N.Y. Files Fraud Suit Against H&R Block
By SAMUEL MAULL, Associated Press Writer
New York state filed a $250 million fraud suit Wednesday against H&R Block Inc., charging that the nation's largest tax preparation service steered more than 500,000 customers into a money-losing retirement account plan.
H&R Block defended the plan and said it would fight to see that it remains available to its clients "who rely on it as a helpful savings option."
But its shares sank more than 6 percent on news of the lawsuit filed by Attorney General Eliot Spitzer as the tax preparation season is in full swing.
It was the latest in a series of problems faced by the tax preparation firm based in Kansas City, Mo.
A number of states, including California, have sued H&R Block over its "refund anticipation loans," which are high-interest, short-term loans given to taxpayers and repaid out of their tax refunds. The company recently agreed to pay $62.5 million to settle a number of class-action lawsuits over the loans; other class-action suits are pending.
In February, the company revealed that it had to restate earnings for 2005 and 2004 and the first two quarters of this year after discovering it had made a mistake in determining its own state income tax rates.
The latest lawsuit, filed in state Supreme Court in Manhattan, alleges that that Block advised clients to buy an "unsuitable, fraudulently marketed, poorly performing, fee-ridden 'retirement vehicle' called the Express IRA" that actually shrinks over time.
The suit said the amount of money placed in a consumer's retirement account decreased because the only investment option was a money market account with an interest rate so low that it does not cover the fees.
Those charges included a $15 setup fee, a $15 "recontribution" fee and a $10 annual maintenance fee, Spitzer said.
Customers "paid more in fees than they got back in interest," said Spitzer, a Democrat leading a field of candidates for governor. "They were not told this would happen. This is a violation of state law."
H&R Block said it will "fight vigorously to defend the Express IRA product and ensure it remains available to our many clients who rely on it as a helpful savings option."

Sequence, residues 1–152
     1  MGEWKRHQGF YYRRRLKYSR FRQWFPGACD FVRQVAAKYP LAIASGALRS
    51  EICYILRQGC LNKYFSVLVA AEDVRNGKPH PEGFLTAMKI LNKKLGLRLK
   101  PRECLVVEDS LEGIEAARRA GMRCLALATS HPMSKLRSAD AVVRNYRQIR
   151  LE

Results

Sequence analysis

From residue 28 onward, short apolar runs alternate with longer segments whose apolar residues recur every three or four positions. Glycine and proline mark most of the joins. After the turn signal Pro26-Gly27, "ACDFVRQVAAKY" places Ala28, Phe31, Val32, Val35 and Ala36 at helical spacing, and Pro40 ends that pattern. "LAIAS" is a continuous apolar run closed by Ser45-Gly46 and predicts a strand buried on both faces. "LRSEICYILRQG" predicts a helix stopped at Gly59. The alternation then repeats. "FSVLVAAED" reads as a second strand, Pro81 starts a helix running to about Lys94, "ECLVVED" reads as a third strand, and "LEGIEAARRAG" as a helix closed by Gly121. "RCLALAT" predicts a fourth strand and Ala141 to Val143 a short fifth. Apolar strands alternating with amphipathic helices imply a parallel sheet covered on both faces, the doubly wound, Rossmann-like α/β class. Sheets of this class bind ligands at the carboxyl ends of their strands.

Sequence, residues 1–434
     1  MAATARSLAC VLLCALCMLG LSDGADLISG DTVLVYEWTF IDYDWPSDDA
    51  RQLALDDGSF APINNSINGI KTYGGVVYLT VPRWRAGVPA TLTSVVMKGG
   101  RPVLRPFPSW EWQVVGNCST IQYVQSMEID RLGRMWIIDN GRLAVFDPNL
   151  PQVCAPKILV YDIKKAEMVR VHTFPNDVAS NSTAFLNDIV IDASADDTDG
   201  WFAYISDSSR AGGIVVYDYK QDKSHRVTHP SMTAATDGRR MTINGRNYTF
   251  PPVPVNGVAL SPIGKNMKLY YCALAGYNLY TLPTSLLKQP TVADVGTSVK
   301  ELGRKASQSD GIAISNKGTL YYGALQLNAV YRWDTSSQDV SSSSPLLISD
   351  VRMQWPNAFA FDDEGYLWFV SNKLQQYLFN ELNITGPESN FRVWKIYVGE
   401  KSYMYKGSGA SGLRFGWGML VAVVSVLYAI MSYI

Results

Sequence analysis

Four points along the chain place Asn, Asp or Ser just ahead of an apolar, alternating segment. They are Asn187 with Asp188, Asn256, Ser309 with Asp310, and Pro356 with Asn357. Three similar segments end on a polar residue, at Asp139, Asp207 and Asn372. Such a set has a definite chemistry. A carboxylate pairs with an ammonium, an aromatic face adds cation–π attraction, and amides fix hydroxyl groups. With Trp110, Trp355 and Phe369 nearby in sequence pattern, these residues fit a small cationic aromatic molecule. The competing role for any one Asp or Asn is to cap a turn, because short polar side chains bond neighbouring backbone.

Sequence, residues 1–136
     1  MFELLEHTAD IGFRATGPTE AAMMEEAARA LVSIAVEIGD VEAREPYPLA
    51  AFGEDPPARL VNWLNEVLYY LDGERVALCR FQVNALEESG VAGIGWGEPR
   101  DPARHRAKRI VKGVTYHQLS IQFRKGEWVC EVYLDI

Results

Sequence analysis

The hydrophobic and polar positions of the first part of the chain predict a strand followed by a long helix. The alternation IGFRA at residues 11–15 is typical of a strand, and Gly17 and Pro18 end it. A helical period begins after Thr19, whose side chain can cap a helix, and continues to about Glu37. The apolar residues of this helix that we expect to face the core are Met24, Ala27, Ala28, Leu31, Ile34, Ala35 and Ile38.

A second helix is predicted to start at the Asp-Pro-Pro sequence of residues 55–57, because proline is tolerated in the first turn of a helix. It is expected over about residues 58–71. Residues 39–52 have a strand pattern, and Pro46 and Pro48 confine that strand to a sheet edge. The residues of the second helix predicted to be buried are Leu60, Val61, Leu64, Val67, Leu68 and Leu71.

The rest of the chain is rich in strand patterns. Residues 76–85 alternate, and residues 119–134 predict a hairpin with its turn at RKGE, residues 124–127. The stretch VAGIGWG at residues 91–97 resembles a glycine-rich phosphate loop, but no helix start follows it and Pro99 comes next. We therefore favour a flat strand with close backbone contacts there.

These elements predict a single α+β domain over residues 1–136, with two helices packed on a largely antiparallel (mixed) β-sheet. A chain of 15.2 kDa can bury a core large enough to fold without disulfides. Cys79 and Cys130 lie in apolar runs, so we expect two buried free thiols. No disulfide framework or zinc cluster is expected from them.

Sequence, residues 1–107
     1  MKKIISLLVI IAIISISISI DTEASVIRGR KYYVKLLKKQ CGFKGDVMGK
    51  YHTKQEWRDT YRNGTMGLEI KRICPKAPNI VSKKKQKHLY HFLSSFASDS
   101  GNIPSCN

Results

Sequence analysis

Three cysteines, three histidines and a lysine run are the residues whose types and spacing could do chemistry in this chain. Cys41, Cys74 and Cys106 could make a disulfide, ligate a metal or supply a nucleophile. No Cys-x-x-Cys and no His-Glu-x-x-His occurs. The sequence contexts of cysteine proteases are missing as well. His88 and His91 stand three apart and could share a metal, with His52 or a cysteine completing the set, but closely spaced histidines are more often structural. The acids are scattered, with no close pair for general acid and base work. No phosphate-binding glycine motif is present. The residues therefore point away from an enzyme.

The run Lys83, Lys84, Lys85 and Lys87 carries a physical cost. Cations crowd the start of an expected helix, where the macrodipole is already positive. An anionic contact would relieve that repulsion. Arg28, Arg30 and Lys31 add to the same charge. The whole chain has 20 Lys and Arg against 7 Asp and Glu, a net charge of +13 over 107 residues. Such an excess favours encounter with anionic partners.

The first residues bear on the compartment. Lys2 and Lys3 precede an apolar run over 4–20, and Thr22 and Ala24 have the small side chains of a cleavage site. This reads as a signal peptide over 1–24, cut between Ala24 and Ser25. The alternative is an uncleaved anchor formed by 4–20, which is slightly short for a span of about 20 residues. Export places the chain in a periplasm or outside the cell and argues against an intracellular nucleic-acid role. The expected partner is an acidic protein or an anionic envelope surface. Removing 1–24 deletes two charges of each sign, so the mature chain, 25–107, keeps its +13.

"Make no mistake — we believe in the Express IRA product and are proud of the opportunities it presents for our clients," said Chairman and Chief Executive Mark A. Ernst.
Spitzer said that H&R Block opened more than half a million Express IRA accounts in the last four years. He said 85 percent of customers who opened the accounts paid H&R Block more in fees than they earned in interest.
More than 150,000 customers closed their accounts, incurring additional undisclosed fees and almost $6 million in tax penalties, Spitzer said.
But Spitzer said he suspected the "real reason they set up these accounts was that once their clients had these accounts, they would continue to come back to H&R Block to have their taxes done." He said the company considered the IRA accounts "bait."
Sarah Ludwig, director of the Neighborhood Economic Development Advocacy Project, said at a news conference that Block's Express IRA was part of an array of "deceptively marketed, high-cost junk products" aimed at low-income, working class families.
A recent study by her nonprofit group said that New Yorkers lost an estimated $92 million in tax refunds and earned income tax credits by taking refund anticipation loans.
The state's lawsuit asks that the company be required to stop engaging in any fraudulent practices, be forced to disgorge profits and pay damages and restitution caused by its alleged scheme and pay civil penalties in an amount no less than $250 million.
The investigation by the attorney general's office was launched in 2005 after it received information from an H&R Block tax preparer.
H&R Block shares fell $1.37, or 6.2 percent, to close at $20.63 on the New York Stock Exchange, after sinking to a new 52-week low of $19.80 earlier in the session.